With 50% of the workforce expected to be self-employed by around 2025, employers need to get their act together when managing contractors and associates.
1. Issue the contractor and associate version of the employment contract. It’s available here: Contract for Services.
2. Give them an induction, just as you would a new starter. They need to be aware of dress codes, security issues, health and safety, expenses, how to report problems etc.
3. Make sure you don’t inadvertently make them ‘employees’ (with legal rights) by providing full time work for them on an indefinite basis. Read More about this: Employed, self employed, or worker.
4. Remind them that they are responsible for their own tax reporting and tax payments and be aware you have money laundering responsibilities should you suspect any tax evasion activities. (Criminal Finance Act 2017).
5. Value them! Contractors and associates are a valuable resource to all organisations wanting to control their costs by flexing resources up and down. Their value should not be underestimated – not just an optional extra to be discarded or treated badly.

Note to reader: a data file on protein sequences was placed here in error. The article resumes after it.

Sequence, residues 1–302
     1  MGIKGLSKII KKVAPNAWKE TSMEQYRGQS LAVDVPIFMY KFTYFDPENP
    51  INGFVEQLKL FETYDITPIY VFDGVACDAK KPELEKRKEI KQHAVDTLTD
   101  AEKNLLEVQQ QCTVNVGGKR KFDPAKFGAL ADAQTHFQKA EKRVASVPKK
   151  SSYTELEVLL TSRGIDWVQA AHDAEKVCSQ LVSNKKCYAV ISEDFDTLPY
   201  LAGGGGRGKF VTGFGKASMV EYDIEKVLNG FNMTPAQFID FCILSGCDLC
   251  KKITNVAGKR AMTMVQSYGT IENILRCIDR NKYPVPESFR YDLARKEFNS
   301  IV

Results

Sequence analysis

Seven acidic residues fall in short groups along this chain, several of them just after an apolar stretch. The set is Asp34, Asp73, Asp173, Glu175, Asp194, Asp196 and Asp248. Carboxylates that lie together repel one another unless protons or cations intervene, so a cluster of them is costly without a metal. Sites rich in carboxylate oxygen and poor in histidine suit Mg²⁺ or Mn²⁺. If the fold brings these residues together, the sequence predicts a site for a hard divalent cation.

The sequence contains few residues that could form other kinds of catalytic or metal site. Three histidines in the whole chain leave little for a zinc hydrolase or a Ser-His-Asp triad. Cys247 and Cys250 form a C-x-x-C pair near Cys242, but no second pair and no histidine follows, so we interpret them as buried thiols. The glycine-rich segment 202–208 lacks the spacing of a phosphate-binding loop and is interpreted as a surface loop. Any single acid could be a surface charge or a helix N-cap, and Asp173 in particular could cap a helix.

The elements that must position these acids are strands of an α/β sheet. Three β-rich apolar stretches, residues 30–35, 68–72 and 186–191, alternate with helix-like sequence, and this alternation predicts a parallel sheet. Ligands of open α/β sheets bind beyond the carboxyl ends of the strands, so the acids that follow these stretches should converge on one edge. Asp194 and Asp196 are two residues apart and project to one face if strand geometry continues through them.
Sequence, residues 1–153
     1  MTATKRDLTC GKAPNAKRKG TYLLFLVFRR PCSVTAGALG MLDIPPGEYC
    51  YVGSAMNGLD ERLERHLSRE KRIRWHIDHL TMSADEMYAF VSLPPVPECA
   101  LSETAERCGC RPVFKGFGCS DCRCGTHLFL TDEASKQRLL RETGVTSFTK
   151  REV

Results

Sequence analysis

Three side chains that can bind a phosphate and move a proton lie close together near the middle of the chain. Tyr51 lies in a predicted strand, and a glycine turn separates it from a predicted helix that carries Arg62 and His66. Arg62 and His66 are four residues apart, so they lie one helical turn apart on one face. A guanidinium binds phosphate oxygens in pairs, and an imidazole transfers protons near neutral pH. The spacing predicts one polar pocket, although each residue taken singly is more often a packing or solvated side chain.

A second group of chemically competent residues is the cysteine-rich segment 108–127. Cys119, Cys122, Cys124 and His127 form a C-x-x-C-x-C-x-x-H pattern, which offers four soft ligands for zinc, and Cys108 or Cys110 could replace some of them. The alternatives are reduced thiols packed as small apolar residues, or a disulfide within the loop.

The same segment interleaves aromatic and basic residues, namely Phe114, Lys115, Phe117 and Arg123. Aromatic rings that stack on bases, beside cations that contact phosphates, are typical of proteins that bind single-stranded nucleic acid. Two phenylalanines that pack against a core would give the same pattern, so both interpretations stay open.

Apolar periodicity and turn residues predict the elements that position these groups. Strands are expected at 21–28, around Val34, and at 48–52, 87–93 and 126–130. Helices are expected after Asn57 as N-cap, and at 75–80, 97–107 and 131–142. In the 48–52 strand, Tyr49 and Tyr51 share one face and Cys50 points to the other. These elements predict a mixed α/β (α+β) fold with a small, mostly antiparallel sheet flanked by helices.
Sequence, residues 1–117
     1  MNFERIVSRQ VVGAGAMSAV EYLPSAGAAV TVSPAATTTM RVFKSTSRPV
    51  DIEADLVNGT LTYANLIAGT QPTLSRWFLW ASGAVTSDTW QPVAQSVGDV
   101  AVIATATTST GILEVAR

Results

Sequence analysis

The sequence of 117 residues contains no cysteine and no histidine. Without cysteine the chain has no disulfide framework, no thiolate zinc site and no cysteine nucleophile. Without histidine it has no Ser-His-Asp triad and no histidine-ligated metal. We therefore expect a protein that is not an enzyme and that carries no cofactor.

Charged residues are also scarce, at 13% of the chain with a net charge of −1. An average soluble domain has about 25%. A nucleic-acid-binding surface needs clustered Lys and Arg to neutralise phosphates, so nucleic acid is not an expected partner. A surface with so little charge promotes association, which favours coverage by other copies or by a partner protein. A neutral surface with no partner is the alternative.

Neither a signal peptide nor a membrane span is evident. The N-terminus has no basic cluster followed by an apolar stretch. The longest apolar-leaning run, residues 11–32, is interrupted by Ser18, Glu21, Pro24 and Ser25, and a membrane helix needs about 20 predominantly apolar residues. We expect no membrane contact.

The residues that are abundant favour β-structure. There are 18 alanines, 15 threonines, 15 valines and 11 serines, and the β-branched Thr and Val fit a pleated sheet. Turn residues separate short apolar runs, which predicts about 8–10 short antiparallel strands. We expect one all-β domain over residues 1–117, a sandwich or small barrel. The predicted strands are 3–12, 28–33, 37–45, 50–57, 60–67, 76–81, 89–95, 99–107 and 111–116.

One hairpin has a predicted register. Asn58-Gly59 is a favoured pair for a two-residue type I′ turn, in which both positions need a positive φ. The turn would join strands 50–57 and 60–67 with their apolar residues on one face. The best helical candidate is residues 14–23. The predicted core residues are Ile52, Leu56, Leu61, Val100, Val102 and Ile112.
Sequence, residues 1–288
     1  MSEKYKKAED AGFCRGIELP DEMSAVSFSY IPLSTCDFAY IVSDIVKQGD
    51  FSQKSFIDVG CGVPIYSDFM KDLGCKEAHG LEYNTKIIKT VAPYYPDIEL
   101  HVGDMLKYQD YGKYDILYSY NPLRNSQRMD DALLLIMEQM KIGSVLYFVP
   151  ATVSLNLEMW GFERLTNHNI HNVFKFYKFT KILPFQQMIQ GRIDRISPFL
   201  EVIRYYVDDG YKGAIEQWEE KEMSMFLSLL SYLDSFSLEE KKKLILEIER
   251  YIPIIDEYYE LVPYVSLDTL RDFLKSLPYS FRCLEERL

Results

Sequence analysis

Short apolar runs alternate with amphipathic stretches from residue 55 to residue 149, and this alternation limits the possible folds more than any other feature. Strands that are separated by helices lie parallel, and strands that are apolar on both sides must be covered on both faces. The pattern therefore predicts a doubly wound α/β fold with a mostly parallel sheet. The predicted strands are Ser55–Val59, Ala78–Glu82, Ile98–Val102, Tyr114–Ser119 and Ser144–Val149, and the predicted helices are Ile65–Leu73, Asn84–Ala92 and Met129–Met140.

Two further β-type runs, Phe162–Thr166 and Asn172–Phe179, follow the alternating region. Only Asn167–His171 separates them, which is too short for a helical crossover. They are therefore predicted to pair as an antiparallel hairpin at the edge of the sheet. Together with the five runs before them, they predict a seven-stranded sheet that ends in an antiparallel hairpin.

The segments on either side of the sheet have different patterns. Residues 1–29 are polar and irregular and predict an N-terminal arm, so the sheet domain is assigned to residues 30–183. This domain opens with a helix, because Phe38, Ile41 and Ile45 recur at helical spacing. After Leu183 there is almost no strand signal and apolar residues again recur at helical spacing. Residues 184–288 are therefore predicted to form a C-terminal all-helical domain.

6. Forget to get a confidentiality agreement signed before they have any access to your customers, your information, your suppliers etc.
7. Let managers treat them like employees otherwise they might blur the line between employment and self-employment which could come back to bite you in the bottom. They don’t get return to work interviews after sickness, no disciplinary meetings, no appraisals etc.
8. Neglect your duty towards them in terms of non-discrimination, health and safety etc. If they are working for you, you are responsible.
9. Forget to relationship build with your associates. You want to identify and keep the great ones so you need to think about how to create solid long term relationships.
10. Forget to check what professional indemnity insurance they have and also make sure that your insurers are aware of your regular employment of associates and contractors in relation to your own public indemnity insurance.
10.5 Be careful not to create a split organisation with contractors on one side and permanent employees on the other. Divisions aren’t helpful and you might need to step in to ensure all people working for you work well together and are pulling in the same direction.